On View: Asian Galleries, Arts of South Asia, 2nd floor
Carved ivory components for furniture were commonly used in eastern India, and this example is one of a set of four, now dispersed, which display a rearing mythical lion, in each case formalized and mannered with its head slightly turned in a contorted posture. The lion is a typical motif for the throne of divinity and symbol of royal divinity, with a long beaked nose, deeply carved toothy grin and flared nostrils and cascading ringlets of his mane.
An inscription on the Jaganatha Temple at the seacoast town of Puri during the reign of King Purushottamdeva (1467–97) records the gift of eight sets of cared ivory thrones to the King's personal deity. Examples of Orissan throne legs can be dated on stylistic grounds to the thirteenth through the seventeenth centuries. Enormous strength is conveyed in the distorted proportions of the lion, enhanced by a minutely detailed hunting scene set in a compressed imaginary landscape with animals emerging from a rocky mountain on the reverse.
Ivory with traces of polychrome
15 1/2 x 4 1/8 in. (39.4 x 10.5 cm)
mount (without block): 17 1/4 × 3 1/2 × 4 1/2 in. (43.8 × 8.9 × 11.4 cm)
mount (block dims): 4 × 8 × 8 in. (10.2 × 20.3 × 20.3 cm) (show scale)
Gift of the Asian Art Council
In the shape of a rampant lion (sardula), its head facing forward while its body and limbs point in the opposite direction. It has a large face, with long flattened nose, and a toothy grin, with nostrils and mouth deeply cut. Repeated patterns of curly fur mark brow, moustache and ruff. "Elbows" of lion are thrust forward with rosettes at tips and curly fringe with deep cutting below. Lion is ornamented with beaded and tasseled harness and bejeweled anklets. A dancing, garlanded female figure stands between lion's legs at front. Lion stands on a beaded lotus pedestal. Above the lion at the top of the piece are the face and arms of a mustached, crowned male. This face is repeated, slightly larger and more rudimentally carved, on reverse. Below the face on the reverse is the lion's chest, which is not deeply carved or elaborately detailed. The paws, each with long claws, are visible on either side. Below, between the lion's legs on reverse beneath a group of small figures are shown hunting lions, boar and deer beneath a delicately carved lattice of scrolling, flowering vines. Overall form of the throne leg is cylindrical, curving outwards at slant. Square pegs protrude from base and top, and two square holes appear at either side of top for attachment of leg to rest of chair.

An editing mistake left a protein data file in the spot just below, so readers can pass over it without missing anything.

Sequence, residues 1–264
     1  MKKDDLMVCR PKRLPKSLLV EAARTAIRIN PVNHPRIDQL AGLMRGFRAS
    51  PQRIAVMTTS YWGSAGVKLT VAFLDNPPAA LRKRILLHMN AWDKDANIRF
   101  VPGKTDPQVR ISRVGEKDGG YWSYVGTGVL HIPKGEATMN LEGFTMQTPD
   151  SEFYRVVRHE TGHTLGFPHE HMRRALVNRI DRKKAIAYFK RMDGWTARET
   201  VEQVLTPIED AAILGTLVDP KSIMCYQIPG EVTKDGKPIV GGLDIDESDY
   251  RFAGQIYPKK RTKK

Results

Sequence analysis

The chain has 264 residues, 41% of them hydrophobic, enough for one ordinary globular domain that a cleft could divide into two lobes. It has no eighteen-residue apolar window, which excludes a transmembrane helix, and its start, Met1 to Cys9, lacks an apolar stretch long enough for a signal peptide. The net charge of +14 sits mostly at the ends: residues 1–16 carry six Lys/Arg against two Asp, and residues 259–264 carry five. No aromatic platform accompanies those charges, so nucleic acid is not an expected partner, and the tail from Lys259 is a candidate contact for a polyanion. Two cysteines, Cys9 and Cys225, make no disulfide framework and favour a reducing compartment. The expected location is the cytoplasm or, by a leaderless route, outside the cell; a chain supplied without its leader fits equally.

Throne Leg, 17th century. Ivory with traces of polychrome, 15 1/2 x 4 1/8 in. (39.4 x 10.5 cm). Brooklyn Museum, Gift of the Asian Art Council
, 1992.83. Creative Commons-BY (Photo: Brooklyn Museum, 1992.83_SL1.jpg)
front, 1992.83_SL1.jpg. Brooklyn Museum photograph
"CUR" at the beginning of an image file name means that the image was created by a curatorial staff member. These study images may be digital point-and-shoot photographs, when we don\'t yet have high-quality studio photography, or they may be scans of older negatives, slides, or photographic prints, providing historical documentation of the object.
You may download and use Brooklyn Museum images of this three-dimensional work in accordance with a Creative Commons license
. Fair use, as understood under the United States Copyright Act, may also apply.
Please include caption information from this page and credit the Brooklyn Museum. If you need a high resolution file, please fill out our online application form
For further information about copyright, we recommend resources at the United States Library of Congress
, Cornell University
, Copyright and Cultural Institutions: Guidelines for U.S. Libraries, Archives, and Museums
, and Copyright Watch
For more information about the Museum's rights project, including how rights types are assigned, please see our blog posts on copyright
If you have any information regarding this work and rights to it, please contact email@example.com
Not every record you will find here is complete. More information is available for some works than for others, and some entries have been updated more recently. Records are frequently reviewed and revised, and we welcome
any additional information you might have.